one recount Saloni’s name a couple of times, one is instantly reminded
of Salome and her seven veils. Not that Saloni didn’t have her own
chance to don tissue and chiffon and do a few twirls of her own.
entered the Pakistani film industry in nondescript and unmemorable Urdu
films, and only became popular in the mid `60s with films like Aadil,
Darinda and Ghaddar. Aadil was one of the many early movies she made
with Mohammad Ali and it proved to be a mega hit. Saloni had her fifteen
minutes (more like six) of dancing fame as she had three songs
picturized on her notably Eid Ka Chand Dakhao.
mid 60s Saloni was offered Punjabi roles and due to the lack of Urdu
films popularity during that time, she accepted many of them, and was
instantly wowed by film audiences all over Pakistan.
these typical Punjabi scenarios, dusky skinned Saloni was paired with
film actor Sudhir, and one of the most memorable songs picturized on her
was Terey Jae Put Jamman.
from swarthy complexion, another characteristic that was taken full
advantage of in the raucous Punjabi cinema of the day, was Saloni’s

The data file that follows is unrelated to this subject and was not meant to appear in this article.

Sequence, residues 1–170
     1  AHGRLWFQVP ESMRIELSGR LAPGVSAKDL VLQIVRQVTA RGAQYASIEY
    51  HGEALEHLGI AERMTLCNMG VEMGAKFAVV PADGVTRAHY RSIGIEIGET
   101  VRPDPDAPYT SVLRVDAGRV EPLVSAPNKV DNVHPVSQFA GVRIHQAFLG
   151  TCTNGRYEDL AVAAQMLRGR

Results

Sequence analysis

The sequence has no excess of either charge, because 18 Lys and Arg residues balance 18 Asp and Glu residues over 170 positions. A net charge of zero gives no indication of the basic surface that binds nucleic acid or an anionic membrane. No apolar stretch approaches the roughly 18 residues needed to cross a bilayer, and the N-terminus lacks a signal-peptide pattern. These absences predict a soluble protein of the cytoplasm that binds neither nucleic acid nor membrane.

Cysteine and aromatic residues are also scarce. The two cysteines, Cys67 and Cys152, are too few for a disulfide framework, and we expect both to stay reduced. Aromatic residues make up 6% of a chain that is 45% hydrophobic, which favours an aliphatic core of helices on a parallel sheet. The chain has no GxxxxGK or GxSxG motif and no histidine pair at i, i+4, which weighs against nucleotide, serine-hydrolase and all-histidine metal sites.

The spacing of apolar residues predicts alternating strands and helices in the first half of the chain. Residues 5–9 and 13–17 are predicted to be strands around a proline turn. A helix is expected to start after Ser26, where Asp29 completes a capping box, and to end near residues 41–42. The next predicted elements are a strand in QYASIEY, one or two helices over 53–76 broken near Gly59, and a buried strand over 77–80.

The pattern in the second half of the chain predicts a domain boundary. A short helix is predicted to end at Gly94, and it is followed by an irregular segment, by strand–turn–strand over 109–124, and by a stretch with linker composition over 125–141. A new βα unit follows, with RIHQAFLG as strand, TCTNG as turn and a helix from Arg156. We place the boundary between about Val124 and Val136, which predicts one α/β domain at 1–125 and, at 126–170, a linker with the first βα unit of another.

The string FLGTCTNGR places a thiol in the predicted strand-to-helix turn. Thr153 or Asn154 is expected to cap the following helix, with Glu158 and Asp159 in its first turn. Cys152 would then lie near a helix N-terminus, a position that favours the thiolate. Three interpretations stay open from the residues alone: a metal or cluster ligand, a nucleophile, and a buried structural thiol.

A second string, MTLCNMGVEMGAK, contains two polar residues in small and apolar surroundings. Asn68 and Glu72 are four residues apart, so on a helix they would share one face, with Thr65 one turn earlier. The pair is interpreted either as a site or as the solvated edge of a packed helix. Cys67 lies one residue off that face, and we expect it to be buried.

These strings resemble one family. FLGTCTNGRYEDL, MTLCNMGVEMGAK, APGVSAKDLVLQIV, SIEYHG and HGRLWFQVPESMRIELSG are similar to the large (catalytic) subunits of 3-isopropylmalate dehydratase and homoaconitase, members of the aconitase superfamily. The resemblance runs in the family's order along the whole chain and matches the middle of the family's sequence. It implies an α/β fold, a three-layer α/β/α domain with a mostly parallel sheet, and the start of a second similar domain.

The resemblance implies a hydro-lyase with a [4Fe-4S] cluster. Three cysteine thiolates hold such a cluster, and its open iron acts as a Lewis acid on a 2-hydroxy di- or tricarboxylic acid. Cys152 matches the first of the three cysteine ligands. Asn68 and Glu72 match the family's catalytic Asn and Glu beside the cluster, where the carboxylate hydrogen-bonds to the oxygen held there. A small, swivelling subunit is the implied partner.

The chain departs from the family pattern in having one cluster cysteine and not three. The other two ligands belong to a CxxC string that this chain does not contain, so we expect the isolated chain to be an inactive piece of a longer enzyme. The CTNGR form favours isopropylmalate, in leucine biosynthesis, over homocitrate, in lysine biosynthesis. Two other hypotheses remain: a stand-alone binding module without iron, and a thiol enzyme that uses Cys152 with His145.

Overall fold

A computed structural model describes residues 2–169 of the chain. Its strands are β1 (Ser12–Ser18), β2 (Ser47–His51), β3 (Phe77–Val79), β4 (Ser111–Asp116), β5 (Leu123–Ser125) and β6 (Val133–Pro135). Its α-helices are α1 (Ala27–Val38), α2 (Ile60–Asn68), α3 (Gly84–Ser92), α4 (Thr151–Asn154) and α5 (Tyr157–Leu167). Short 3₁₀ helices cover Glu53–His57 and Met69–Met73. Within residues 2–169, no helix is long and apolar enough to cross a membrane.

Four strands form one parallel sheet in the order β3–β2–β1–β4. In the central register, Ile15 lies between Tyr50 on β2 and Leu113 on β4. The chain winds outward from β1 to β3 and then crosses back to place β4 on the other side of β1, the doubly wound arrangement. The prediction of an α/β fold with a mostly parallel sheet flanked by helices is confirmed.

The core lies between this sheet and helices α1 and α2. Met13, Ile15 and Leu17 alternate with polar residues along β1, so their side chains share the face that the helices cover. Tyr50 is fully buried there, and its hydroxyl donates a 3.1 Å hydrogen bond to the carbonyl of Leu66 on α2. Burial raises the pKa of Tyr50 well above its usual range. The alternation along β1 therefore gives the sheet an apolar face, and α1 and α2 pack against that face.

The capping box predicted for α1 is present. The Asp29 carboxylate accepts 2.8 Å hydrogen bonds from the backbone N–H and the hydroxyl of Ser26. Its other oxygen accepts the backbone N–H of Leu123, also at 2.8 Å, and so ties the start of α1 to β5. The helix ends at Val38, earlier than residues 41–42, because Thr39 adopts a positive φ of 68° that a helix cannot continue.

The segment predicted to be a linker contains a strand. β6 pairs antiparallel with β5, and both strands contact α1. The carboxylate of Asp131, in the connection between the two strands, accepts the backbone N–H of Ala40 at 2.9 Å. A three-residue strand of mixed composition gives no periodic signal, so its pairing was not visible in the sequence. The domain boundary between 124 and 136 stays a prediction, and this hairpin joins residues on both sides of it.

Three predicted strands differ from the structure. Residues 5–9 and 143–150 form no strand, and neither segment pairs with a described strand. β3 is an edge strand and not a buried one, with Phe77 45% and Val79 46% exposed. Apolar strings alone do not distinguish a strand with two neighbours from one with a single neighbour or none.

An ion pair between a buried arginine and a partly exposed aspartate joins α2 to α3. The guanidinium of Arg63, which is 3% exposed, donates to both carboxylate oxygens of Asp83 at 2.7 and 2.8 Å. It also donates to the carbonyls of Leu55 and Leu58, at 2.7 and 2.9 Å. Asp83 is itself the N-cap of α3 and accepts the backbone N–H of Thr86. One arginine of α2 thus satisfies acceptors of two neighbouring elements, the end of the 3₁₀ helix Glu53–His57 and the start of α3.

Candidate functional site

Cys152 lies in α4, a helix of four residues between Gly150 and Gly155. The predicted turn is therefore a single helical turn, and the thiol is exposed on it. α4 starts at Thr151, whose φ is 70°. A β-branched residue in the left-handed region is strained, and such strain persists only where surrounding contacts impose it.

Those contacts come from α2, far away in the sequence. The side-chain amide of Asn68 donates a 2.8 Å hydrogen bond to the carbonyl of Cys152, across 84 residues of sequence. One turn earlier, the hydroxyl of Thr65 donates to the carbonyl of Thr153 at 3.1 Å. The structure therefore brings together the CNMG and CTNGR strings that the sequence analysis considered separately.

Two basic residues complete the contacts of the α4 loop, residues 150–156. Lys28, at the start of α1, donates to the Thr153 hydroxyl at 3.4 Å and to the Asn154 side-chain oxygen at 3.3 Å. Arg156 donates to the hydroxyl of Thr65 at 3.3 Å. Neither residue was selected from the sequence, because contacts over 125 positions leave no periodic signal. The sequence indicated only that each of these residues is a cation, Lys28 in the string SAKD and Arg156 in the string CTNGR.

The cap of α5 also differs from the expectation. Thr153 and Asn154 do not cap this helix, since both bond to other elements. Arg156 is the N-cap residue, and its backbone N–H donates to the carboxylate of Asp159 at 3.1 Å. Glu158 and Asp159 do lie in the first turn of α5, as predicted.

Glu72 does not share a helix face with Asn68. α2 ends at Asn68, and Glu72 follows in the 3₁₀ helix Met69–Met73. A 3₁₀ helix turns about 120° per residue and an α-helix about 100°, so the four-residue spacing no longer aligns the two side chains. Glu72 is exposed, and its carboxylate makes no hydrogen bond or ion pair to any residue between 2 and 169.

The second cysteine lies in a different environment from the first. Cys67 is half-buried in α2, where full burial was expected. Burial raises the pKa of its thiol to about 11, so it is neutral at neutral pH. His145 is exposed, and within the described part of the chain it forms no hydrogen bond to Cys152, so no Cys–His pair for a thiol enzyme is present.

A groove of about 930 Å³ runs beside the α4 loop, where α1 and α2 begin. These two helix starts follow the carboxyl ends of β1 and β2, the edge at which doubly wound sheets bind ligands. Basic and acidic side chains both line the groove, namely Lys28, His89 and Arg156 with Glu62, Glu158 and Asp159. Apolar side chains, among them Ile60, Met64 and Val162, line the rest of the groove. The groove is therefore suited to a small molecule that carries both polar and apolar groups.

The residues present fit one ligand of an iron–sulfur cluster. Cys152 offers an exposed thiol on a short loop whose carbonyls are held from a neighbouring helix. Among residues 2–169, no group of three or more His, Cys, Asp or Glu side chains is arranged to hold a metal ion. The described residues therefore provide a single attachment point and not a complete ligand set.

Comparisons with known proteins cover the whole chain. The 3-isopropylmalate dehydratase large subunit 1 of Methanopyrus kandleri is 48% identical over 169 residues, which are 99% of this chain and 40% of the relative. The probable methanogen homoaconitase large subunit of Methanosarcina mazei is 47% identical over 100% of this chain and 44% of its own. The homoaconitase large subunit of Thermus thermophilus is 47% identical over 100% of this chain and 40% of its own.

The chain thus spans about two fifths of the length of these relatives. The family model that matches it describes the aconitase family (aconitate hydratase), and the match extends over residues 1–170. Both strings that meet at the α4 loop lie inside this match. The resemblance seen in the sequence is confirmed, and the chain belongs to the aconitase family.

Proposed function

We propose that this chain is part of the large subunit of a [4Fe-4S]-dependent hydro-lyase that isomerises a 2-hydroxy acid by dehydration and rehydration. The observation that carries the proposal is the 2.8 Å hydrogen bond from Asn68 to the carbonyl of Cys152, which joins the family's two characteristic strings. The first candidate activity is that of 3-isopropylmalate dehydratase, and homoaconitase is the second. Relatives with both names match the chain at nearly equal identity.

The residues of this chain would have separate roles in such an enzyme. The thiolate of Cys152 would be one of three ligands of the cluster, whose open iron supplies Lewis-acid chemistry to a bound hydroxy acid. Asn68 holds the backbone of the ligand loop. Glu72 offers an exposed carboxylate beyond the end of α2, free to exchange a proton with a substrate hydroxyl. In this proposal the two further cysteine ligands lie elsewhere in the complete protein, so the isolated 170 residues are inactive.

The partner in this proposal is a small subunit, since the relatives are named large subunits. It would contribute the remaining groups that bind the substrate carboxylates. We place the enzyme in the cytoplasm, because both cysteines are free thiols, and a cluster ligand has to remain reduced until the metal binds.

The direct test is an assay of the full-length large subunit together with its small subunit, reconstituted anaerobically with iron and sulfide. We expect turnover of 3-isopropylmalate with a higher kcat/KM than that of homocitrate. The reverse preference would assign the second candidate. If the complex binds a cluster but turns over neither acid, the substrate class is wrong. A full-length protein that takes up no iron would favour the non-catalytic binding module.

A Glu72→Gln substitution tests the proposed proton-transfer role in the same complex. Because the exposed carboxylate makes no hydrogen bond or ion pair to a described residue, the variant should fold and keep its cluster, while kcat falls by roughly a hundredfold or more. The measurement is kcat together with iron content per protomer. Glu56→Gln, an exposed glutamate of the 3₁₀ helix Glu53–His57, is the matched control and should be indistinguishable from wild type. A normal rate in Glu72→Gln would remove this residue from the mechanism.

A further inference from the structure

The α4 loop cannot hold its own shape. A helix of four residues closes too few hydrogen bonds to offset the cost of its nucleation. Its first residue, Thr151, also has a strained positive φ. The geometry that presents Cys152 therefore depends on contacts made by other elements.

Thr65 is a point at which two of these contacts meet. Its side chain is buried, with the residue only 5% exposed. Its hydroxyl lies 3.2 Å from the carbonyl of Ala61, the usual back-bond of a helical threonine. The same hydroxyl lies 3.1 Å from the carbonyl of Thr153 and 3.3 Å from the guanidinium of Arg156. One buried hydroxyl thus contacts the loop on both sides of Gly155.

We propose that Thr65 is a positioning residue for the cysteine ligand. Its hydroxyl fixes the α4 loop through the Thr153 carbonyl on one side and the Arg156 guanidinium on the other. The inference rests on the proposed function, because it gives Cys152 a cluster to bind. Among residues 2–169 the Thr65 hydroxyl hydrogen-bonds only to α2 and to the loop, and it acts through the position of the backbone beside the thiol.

squeaky and high-pitched voice. In those films one can still see her
portraying the typical Punjabi heroine, no doubt screeching loudly, in a
swirling black and white harlequin lehnga, with indigenous puffballs
attached to it, the dupatta and blouse, lending her almost rural bovine
look. Ironically enough however, Saloni’s career sustained itself
through the essential requirement of the day: unadulterated sex appeal,
something which she exuded effortlessly, if not somewhat crudely.
early 70s, she married film studio owner Bari Malik of Bari Studios,
Lahore, and retired from films before she was ever asked to play the
supporting role of a mother, something that would evince a stereotypical